Playmobil Fun Club


Our Daily Correspondent


Photo: Merete Sanderhoff, from Vermeer and Dürer

Raise a tiny plastic goblet, please, to Playmobil’s founder Horst Brandstaetter, who has died at eighty-one. Brandstaetter, who was apparently known as “Herr Playmobil,” joined the family company in 1952, but it wasn’t until the seventies—and the oil crisis—that he was moved to come up with the cost-effective and efficient three-inch plastic figurines we know today. The first three—a knight, a construction worker, and a Native American—made their appearance in 1974, and the rest is toy history.

Playmobils were a very big deal in my house growing up. They were my brother’s passion. While he had what seemed like hundreds—pirates, cowboys, families, farmers—the main players were his troop of blue-clad cavalry officers. From the ages of three to five, he was fixated on John Ford films like Fort Apache and She Wore a Yellow Ribbon, and his repeated viewings required not just his homemade uniform—my dad had affixed a strip of yellow electrical tape to some blue sweat pants, and added sergeant’s stripes to a turtleneck—but the arrangement of all his soldiers around him in formation, with a scout in the lead and several horses flanking the covered wagon. Then, of course, the whole cast, and fort, would need to be moved to the backyard, where the process would be repeated. Some thirty years later, the residents of our old house tell us they still occasionally dig up a long-buried Playmobil, like an archeological treasure.

At some point, my parents subscribed us to something called the Playmobil Fun Club, which involved some kind of certificate of membership, I guess, and maybe a pin, but what I mostly remember is the audiotape. This tape was on very heavy rotation in our car, to the point that to this day I can remember the theme song:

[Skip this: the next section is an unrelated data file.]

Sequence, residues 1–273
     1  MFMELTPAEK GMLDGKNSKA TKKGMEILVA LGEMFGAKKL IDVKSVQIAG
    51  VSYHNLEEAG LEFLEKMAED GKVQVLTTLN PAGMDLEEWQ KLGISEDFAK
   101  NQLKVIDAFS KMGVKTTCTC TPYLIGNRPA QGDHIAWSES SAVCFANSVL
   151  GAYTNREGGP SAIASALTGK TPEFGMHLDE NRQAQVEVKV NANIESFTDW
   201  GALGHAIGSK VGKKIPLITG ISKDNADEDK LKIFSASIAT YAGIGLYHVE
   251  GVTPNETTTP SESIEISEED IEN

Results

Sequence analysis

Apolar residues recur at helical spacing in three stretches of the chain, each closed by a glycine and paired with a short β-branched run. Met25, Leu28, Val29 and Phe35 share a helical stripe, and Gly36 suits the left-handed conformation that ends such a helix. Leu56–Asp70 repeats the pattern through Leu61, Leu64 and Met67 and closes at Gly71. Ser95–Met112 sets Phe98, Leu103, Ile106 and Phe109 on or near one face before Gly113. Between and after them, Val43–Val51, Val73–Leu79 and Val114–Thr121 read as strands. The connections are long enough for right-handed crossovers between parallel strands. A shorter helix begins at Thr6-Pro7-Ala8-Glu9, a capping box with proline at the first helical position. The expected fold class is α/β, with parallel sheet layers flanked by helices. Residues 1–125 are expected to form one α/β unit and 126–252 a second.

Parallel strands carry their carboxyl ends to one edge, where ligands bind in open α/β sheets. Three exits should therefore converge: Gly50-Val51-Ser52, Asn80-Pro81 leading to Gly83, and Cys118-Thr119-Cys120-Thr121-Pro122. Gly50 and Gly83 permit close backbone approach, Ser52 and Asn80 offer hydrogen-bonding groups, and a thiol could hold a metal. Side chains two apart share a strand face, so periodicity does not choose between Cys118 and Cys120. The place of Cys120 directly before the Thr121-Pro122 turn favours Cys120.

Tell me a story, make me smile
Tell me of old enchanted isle
Of dragons, and wizards, and warriors wiiiiild
Tell me a story, tell me a story! 

The tape had nothing to do with Playmobils. (Or, for that matter, warriors wild.) Rather, it comprised dramatic multiperson enactments of fairy tales. Most of these were straightforward enough, if peculiar. But “Humpty-Dumpty” took things to a whole new level. For one thing, “Humpty Dumpty” had an original scenario to bolster the basic wall-fall-horses-men narrative. In this rendition, Humpty Dumpty is a dreary bore who sits around on a wall. His friend, Tammy, introduces him to the king, who mistakes his dreariness for deadpan wit, and is so amused that he promptly hires Humpty Dumpty to be his new court jester. In celebration, Humpty and Tammy crack open a bottle of champagne. Humpty Dumpty gets so hammered that he falls off the wall. As he’s lying there, broken, he says sourly, “With friends like you, Tammy, who needs enemies?”

It was the last story on the tape, and our favorite by a wide margin. It seemed so unjust. I have attempted to contact Playmobil and get a copy of the tape. They’ve responded with great friendliness, but so far, no dice. Well, at the moment, they have bigger things to think about. 

Auf Wiedersehen, Herr Playmobil. 

Sadie Stein is contributing editor of The Paris Review, and the Daily’s correspondent.